At Rivera High School, Tim Snyder has put to work strategies that he used as a successful elementary school principal: among them, a longer school day and a bigger emphasis on student and teacher relationships. "Sometimes teachers underestimate the power and influence they have on older students," he says. "Our teachers here take the attitude that they are second parents for these students." His colleague Teri Alarcon, principal of Hanna High School, says introducing more students to college-level work has also made a difference. "We're giving kids a jump-start on college," she says. "Some of them graduate with enough college credits to have an associate's degree." Thanks to partnerships with the Brownsville and Austin campuses of the University of Texas, the district's high school teachers receive training to teach college classes, and students can receive credit for high school classes they completed in Mexico. Besides offering a challenging academic program, Brownsville schools also have made a name for themselves on the national stage for their strong music and chess programs.
Getting results A. S. Putegnat Elementary School, only a few blocks from the U.S.-Mexico border, is the first stop for many immigrants and children from families that cannot afford the rents in the city's north side, "where the rich people live" (the median annual household income is $26,000). Most principals in comparable districts would worry about these students hurting the school's academic standing, but the students at Putegnat score high on tests. Like their counterparts at other schools, administrators and teachers at Putegnat are relentless about reviewing test data and remedying any of the students' academic deficiencies.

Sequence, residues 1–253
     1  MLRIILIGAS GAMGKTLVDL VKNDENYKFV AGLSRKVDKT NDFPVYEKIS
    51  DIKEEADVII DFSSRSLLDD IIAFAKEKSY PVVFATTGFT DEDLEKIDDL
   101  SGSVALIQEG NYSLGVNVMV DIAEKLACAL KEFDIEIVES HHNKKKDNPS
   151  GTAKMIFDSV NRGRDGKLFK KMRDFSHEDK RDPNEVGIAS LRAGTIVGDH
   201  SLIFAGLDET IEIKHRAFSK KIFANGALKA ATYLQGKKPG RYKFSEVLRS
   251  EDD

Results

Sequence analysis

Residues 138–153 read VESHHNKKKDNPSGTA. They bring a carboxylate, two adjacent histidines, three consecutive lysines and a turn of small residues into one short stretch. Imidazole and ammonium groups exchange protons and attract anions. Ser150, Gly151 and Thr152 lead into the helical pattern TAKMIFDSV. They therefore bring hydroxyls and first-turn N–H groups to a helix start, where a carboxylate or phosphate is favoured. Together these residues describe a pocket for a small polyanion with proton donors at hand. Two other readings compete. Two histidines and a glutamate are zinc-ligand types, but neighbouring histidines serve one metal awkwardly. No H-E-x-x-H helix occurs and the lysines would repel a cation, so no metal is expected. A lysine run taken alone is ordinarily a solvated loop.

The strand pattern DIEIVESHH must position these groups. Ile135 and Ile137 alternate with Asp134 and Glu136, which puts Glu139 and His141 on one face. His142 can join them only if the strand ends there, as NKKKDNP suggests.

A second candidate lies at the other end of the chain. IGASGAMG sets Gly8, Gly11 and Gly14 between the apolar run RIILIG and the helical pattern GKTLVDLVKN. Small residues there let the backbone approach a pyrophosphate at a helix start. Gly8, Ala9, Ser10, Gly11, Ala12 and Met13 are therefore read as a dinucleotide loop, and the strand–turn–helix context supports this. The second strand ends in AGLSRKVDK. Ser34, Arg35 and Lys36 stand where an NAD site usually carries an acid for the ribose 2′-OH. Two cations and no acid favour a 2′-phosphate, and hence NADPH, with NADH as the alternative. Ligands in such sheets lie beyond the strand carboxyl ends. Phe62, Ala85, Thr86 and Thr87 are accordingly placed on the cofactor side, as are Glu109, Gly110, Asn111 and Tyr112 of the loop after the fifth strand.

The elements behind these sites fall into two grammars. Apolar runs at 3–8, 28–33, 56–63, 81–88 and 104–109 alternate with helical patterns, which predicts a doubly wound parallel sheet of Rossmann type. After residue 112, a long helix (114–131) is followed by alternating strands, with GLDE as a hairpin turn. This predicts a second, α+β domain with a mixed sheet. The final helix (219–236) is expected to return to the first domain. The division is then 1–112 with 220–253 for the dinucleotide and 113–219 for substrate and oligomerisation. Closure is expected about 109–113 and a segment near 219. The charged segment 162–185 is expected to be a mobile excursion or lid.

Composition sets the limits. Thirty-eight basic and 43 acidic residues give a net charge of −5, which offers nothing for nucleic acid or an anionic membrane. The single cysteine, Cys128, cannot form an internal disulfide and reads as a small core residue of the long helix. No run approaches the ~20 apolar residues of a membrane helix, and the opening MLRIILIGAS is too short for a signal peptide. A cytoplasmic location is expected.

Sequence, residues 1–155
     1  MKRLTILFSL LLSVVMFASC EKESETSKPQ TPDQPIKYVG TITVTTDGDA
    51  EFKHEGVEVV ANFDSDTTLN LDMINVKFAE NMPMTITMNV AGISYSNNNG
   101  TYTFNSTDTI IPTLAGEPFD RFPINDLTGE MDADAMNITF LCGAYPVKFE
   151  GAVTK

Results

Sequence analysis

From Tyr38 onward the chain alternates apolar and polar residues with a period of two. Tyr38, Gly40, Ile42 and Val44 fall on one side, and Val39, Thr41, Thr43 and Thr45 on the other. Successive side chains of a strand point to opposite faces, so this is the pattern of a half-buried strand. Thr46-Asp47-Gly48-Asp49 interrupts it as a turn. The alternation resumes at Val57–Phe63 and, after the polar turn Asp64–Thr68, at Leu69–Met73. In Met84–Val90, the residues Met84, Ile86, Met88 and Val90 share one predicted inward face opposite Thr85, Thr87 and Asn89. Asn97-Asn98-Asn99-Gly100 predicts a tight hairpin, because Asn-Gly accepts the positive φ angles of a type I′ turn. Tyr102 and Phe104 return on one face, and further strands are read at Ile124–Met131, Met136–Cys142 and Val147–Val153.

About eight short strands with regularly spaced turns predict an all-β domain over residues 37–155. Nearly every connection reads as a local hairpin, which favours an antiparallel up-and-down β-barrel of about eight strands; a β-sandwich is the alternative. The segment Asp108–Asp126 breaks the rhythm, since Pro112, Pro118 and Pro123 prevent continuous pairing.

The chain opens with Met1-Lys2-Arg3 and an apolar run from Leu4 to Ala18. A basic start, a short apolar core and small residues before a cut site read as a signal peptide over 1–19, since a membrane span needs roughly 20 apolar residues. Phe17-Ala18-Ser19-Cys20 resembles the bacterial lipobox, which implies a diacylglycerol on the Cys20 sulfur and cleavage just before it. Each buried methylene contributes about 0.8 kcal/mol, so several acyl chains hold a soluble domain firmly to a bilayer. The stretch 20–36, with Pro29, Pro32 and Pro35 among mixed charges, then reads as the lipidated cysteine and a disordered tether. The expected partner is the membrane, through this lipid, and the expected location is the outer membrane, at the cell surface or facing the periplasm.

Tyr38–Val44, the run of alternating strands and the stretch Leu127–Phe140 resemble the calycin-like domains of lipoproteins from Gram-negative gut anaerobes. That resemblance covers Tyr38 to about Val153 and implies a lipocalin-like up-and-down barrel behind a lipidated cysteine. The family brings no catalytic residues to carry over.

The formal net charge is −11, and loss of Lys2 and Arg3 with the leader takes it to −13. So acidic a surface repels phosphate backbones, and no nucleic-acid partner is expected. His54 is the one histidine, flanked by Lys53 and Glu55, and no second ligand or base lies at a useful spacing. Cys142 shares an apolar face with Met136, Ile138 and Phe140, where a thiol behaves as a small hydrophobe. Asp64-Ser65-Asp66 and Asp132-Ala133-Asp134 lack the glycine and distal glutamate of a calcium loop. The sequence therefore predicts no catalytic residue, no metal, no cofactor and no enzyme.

Because Texas allows recent immigrant students and bilingual students to test in their native language, teachers in Brownsville give their students frequent assessments in English and Spanish in preparation for the state tests in March. Students who need to brush up on math or reading can attend after-school, hourlong tutorials three times a week, and many students do take advantage of the longer school day. "We're not trying to reinvent the wheel," says Rachel Ayala, an assistant superintendent who oversees the downtown area schools. "But we are consistent with our approach."
Like many educators in the district, Ayala was born and raised in Brownsville. She was only 19 years old when she started teaching at a school in the district and now has been with the district for 42 years. Unlike other school systems with high turnover, Brownsville teachers tend to stick around; the average teacher has 11 years of classroom experience in the district. Competitive teacher salaries and free health insurance go a long way to attract and retain teachers. Starting teachers in Brownsville make $39,000 annually, which is effectively worth more given the region's cost of living. State and federal dollars are crucial to the district. Local revenues cover only 14 percent of its annual expenses; the district has a $476 million budget.
But it's the connection with students and the community that seems to have the most value for Brownsville's teachers. During a tour of the school, Ayala spots an old college roommate in a fourth-grade classroom. Irma Garcia, 61, is giving a lesson on creative writing. Although she retired from the district in 2006 after 38 years teaching there, she comes by Putegnat every day to fill in for absent teachers. "She's fantastic," Ayala says. "Her students' writing scores are always in the 100th (percentile)."
In a separate wing of the school, Robert Rivera achieves similar results with his fifth-grade math students. A native of Brownsville, Rivera has taught for 11 years. In 2006, Rivera won the prestigious Milken Educator Award. "I always tell my kids about my dad," says Rivera, whose father worked as a custodian at the school. "I want them to have a choice just like I did." Principal Ernestina Treviño takes this idea further when she talks with students and staff members. "One day one of you will be standing in my position," she tells them. "You'll be taking over for me."